Clinical Trials Logo

Clinical Trial Summary

The investigators' study aims to study how melanin index (mx) affects the deviation between SpO2 and SaO2, which becomes generally greater as hypoxia increases. The studies reviewed grouped individuals by race or have assigned individuals into groups like "dark", "intermediate", or "light" to describe pigmentation. Both of these methods are neither standardized nor objective, looking for race identifiers when it is more useful to be considering skin pigmentation identifiers. Skin pigmentation is a spectrum and it should be treated as such when trying to characterize relationships involving measurable factors such as melanin index. The investigators will similarly measure the deviation between SpO2 and SaO2 however novel in that the investigators will quantitatively measure skin pigmentation via a light reflectance measurement device by Photovault.


Clinical Trial Description

Pulse oximetry is an essential tool within healthcare due to its impressive ability to detect low oxygen levels even before hypoxia manifests in a patient. Despite being a powerful tool, pulse oximetry has limitations. It is well known that nail polish or jaundice can interfere with pulse oximetry readings. This knowledge influences clinical practice in that providers are aware of the inaccurately low saturation readings associated with nail polish and jaundice. Alarmingly, several studies have reported that pulse oximetry also fails to read as accurately for patients who have greater levels of skin pigmentation. One theory reported by Bickler et al. (2005) and Fiener et al. (2007) suggests that pulse oximetry accuracy decreases as hypoxia increases, where this deviation is further amplified in the presence of greater levels of skin pigmentation. Bickler et al. (2005) reported statistically significant differences in pulse oximeter readings on three different pulse oximeters. They found a small bias existed at blood oxygen saturations above 80% and increased as desaturation increased. Specifically, this bias over-estimated blood oxygenation in Black patients where Bickler et al. reported a bias as much as 8% at very low oxygen saturation. A similar trend has been reported by others. Clinically, a staggering number of COVID-19 patients fall victim to "silent" or "apathetic" hypoxemia, exhibiting minimal symptoms of concern upon presentation, but rapidly experience multi-organ failure and in the most unfortunate circumstance, death, in less than 48 hours. If not concerned at the moment, emergency departments suggest patients self-monitor their oxygen saturation at home and return for further evaluation if they record an oxygenation reading below the COVID-19 protocol threshold. What would be a difference of a couple percentage points of observed oxygenation levels with a pulse oximeter in patients with more skin pigmentation determines admission, access to the required care, and risks a delay in the necessary oxygen supplementation of patients. One paper has even suggested that clinicians should accept 95% oxygen saturation for Black patients as opposed to a threshold of 92% SpO2 to ensure proper oxygenation. In January 2021, the World Health Organization included the use of pulse oximeters to assess and identify patients that would require hospitalization for COVID-19. However, in February 2021, the FDA cautioned against using pulse oximeter oxygen readings to diagnose or rule out COVID-19 patients, questioning its reliability in clinically significant circumstances shortly after the New England Journal of Medicine reported that Black patients suffered from occult hypoxemia nearly three times as much than White patients. The investigators' study aims to study how melanin index (mx) affects the deviation between SpO2 and SaO2, which becomes generally greater as hypoxia increases. The studies reviewed grouped individuals by race or have assigned individuals into groups like "dark", "intermediate", or "light" to describe pigmentation. Both of these methods are neither standardized nor objective, looking for race identifiers when it is more useful to be considering skin pigmentation identifiers. Skin pigmentation is a spectrum and it should be treated as such when trying to characterize relationships involving measurable factors such as melanin index. The investigators will similarly measure the deviation between SpO2 and SaO2 however novel in that the investigators will quantitatively measure skin pigmentation via a light reflectance measurement device by Photovault. ;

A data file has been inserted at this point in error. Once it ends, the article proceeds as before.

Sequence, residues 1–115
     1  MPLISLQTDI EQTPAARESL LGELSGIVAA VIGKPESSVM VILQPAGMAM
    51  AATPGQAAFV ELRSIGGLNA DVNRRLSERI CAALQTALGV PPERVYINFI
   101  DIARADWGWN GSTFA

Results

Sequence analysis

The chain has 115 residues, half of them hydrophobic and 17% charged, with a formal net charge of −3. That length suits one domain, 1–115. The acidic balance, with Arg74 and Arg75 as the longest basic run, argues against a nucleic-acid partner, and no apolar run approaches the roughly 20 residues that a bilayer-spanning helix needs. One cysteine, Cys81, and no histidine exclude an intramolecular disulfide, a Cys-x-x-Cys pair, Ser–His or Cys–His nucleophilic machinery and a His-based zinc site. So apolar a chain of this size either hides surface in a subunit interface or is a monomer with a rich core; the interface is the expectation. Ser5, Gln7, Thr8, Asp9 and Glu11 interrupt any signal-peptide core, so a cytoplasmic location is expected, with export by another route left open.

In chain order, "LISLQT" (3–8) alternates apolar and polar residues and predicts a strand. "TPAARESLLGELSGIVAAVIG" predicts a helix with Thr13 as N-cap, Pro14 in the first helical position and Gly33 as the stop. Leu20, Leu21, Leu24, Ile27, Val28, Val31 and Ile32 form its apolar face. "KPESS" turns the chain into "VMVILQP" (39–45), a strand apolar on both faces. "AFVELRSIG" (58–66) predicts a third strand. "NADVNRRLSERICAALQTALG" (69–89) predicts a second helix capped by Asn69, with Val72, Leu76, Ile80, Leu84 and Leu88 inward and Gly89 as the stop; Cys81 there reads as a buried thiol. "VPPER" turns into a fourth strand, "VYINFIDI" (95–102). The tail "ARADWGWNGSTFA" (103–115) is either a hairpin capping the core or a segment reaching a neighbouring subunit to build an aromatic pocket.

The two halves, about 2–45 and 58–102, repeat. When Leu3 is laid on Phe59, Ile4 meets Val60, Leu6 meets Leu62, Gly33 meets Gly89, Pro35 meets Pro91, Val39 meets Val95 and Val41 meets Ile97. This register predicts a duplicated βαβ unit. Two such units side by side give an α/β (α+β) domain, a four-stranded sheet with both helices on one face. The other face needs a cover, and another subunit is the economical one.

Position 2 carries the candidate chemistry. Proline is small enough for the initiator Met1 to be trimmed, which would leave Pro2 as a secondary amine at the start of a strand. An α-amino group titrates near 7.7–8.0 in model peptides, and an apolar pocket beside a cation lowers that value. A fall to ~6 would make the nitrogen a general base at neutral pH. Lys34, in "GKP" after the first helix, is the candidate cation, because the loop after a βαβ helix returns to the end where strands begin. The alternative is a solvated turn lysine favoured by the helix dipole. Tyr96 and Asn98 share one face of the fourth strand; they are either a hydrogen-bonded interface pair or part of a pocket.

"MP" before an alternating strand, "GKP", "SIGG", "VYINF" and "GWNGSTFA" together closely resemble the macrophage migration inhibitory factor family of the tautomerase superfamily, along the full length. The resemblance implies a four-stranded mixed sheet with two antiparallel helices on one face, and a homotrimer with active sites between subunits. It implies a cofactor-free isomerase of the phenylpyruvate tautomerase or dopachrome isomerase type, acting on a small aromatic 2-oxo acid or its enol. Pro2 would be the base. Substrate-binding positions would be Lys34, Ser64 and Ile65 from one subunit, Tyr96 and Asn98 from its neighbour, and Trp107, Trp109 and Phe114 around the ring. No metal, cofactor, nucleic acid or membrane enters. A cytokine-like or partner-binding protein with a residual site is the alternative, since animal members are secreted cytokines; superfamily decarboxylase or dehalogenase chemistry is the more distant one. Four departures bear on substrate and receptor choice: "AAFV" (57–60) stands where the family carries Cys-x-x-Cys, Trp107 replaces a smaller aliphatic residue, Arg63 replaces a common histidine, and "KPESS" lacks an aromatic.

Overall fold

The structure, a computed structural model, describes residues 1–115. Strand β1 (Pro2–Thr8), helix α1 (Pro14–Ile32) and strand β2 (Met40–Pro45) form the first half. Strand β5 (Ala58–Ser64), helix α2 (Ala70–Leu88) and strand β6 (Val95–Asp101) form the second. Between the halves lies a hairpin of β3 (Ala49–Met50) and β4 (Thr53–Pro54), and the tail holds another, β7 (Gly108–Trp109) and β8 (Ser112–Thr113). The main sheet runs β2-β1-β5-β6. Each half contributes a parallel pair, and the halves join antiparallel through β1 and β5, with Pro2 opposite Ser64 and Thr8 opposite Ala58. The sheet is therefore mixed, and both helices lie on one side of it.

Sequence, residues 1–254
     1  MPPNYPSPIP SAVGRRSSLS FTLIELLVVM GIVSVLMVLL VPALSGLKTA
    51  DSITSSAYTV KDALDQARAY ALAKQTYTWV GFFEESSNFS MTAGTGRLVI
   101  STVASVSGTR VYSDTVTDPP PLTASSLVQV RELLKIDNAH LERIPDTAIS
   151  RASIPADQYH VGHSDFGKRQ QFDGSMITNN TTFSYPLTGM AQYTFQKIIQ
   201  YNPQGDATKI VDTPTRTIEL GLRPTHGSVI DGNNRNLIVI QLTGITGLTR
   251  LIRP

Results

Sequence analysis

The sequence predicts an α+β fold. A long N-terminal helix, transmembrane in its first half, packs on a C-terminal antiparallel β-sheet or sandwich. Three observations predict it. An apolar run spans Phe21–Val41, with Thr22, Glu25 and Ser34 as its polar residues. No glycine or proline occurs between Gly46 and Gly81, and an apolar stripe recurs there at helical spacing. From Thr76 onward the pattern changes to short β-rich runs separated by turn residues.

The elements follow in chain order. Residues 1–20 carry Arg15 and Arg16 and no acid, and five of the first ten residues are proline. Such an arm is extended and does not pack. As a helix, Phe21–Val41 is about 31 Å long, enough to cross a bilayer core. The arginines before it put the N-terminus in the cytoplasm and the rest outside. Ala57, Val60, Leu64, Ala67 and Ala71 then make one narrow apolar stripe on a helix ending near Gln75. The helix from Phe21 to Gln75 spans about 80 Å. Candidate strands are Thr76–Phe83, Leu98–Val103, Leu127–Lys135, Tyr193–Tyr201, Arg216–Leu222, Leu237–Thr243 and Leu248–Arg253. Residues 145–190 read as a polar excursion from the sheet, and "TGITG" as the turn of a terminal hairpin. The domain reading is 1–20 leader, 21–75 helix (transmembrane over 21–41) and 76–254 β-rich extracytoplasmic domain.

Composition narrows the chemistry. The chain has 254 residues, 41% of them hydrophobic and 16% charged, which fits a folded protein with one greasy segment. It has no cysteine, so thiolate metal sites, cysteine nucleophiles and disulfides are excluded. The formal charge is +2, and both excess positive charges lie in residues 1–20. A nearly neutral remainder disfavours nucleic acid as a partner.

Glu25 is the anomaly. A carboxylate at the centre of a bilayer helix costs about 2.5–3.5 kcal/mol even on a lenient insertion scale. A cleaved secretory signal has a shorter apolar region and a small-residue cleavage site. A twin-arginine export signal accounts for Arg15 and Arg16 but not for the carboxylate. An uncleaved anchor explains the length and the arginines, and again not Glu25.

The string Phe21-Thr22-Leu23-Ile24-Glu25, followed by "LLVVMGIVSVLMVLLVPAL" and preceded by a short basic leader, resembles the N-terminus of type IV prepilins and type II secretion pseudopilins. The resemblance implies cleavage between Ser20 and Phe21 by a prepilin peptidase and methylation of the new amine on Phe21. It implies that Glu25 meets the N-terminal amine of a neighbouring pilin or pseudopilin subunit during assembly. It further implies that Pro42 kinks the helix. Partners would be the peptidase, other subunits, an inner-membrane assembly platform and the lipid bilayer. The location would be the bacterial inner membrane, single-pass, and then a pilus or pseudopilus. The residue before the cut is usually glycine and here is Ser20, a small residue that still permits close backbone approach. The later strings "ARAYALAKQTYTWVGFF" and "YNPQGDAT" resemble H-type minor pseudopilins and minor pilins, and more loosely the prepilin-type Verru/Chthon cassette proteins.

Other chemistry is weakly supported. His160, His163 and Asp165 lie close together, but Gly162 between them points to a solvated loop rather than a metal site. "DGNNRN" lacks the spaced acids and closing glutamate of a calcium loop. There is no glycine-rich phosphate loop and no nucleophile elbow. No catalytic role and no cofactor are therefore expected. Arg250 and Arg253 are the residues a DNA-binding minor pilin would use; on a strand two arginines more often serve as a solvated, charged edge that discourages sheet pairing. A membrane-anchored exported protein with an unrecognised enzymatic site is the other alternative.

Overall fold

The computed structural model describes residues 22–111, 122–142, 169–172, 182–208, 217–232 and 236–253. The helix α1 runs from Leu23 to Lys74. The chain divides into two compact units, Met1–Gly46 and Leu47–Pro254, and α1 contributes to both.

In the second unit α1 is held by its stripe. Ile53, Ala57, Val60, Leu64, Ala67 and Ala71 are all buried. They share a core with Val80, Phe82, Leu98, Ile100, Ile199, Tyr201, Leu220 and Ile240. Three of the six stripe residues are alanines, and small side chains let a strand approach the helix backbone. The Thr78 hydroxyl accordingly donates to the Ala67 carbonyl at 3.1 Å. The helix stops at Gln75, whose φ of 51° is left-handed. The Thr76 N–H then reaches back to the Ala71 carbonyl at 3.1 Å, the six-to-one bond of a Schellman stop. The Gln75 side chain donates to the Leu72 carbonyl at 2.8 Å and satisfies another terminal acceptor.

Study Design


Related Conditions & MeSH terms


NCT number NCT05185427
Study type Observational
Source University of Minnesota
Contact Gwenyth Fischer, MD
Phone (612) 624-9574
Email [email protected]
Status Not yet recruiting
Phase
Start date February 2022
Completion date February 2024

See also
  Status Clinical Trial Phase
Recruiting NCT02846974 - Calibration and Validation of High Quality Low-Cost 3D Printed Pulse Oximeter
Completed NCT03383757 - U-TruSignal SpO2 Testing in Neonates N/A
Active, not recruiting NCT04233827 - Mobile Biosensor for Measuring Vital Signs in Healthcare and Home Settings
Completed NCT02987985 - Efficacy of Opioid-free Anesthesia in Reducing Postoperative Respiratory Depression in Children Undergoing Tonsillectomy Phase 3
Terminated NCT03843489 - SpO2 Accuracy In Vivo Testing for Neonates & Infants N/A
Completed NCT01472133 - Validation of Respiration Rate Algorithms N/A
Completed NCT01613222 - SpO2 System Accuracy Testing With Different Sensors N/A